‘Soil pollution from Kanjur landfill killing fish less than 500m from flamingo sanctuary’ – mumbai news

Leachate from Kanjurmarg dumping floor and stagnant water have killed fish over a two-hectare mangrove forests’ space within the jap suburbs of Mumbai between Bhandup and Kanjur, an environmentalist group has mentioned.

Shree Ekvira Aai Pratishthan (SEAP), the group, on Tuesday filed complaints with numerous state our bodies and the Bombay excessive court docket-appointed wetland grievance redressal committee after a go to of the positioning close to the Eastern Express Highway and the Thane Creek Flamingo Sanctuary.

“Hundreds of dead fish were floating in and along the edges of the creek on Tuesday,” mentioned SEAP chief Nandkumar Pawar. “The natural tidal flow of this mangrove stretch seems to have been blocked resulting in stagnant water. As a result, there is no fresh supply of tidewater affecting the entire biodiversity of this area.” Pawar mentioned untreated poisonous chemical compounds drained from the dumping floor have been killing fish after common intervals.

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Mangrove Cell vary forest officer Nathuram Kokare mentioned an investigation into the matter could be undertaken.

Soil pollution from bio-medical waste and leachate is induced as a result of extra waste, particularly from discarded medicines, and chemical compounds. Excessive quantities of hint nutrient parts and different parts together with heavy metals in soil are dangerous to the pure biodiversity of an space.

Kanjurmarg dumping floor

According to the Brihanmumbai Municipal Corporation (BMC), Mumbai generates 5,400 tonnes of strong and roughly 24 tonnes of biomedical waste. Of this, 60% of the waste is distributed to Kanjur whereas the remaining to Deonar.

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“We are not dumping any garbage beyond the land [at Kanjur] belonging to us. There is no question of leachate entering the creek area. We are also taking adequate precautions. However, I will ask my team to visit the site, verify what has been happening, and submit a report to me. We have no intention of causing any environmental damage and corrective measures are being taken to see to this,” mentioned BMC’s further municipal commissioner, Suresh Kakani.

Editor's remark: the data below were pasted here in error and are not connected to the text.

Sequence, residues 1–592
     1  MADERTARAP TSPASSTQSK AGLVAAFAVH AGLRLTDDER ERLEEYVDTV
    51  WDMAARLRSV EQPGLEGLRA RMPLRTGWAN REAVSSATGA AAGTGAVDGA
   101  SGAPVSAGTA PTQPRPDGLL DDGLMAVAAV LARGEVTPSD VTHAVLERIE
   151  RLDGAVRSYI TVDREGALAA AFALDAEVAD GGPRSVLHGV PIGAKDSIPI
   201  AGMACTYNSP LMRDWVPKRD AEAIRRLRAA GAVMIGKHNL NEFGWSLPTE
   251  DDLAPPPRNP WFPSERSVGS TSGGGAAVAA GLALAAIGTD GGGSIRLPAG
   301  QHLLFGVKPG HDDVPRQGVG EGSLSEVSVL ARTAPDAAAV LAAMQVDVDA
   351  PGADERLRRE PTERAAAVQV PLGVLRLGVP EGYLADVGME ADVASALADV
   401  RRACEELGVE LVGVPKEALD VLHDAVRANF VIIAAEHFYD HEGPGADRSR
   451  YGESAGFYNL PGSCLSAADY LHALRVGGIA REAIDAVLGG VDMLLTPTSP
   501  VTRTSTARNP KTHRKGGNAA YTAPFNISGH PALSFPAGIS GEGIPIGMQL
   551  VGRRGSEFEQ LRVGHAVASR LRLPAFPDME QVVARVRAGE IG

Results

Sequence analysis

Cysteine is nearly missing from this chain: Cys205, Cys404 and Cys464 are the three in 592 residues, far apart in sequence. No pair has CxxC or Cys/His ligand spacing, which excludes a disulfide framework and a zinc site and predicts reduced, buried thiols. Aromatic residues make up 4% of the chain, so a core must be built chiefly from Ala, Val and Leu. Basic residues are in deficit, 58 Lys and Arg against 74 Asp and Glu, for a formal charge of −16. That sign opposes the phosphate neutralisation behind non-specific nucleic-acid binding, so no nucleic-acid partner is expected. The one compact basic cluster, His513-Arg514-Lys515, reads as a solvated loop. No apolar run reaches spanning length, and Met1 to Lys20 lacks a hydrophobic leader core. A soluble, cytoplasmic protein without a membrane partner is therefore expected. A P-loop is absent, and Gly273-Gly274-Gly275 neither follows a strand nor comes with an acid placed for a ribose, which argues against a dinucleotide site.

Stalin D, a member of the excessive court docket-appointed panel, mentioned this isn’t the primary time when aquatic biodiversity has been misplaced. “Pristine mangrove forests near the Bhandup pumping station start stinking with every high tide. The treatment facility at Kanjurmarg is woefully inadequate… leachate is regularly being leaked into the creek. It has increased much more since the landfill was expanded.”

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Scientific waste disposal is undertaken on the 121-hectare Kanjurmarg dumping floor. It is adjoining to the 1,690-hectare sanctuary however has been overlooked of the proposed eco-delicate zone (buffer space).

Until earlier this yr, the sanctuary was unfold throughout 68.5 hectares however the BMC expanded the scale of the landfill by buying an extra 52.5 hectares. The transfer was challenged within the excessive court docket. The petitioners argued it was performed in violation of Coastal Regulation Zone norms and threatened the security of the sanctuary.

The court docket allowed the growth in December saying BMC had acquired all essential clearances. The Supreme Court in February directed the excessive court docket to shut the problem inside three months, and BMC was allowed to start dumping waste throughout the whole 121 hectares.

“Though Kanjurmarg landfill is actually surrounded by reserved forest. It has been carefully left out of the protected area to make way for solid waste management within an ecologically sensitive zone,” mentioned Stalin.


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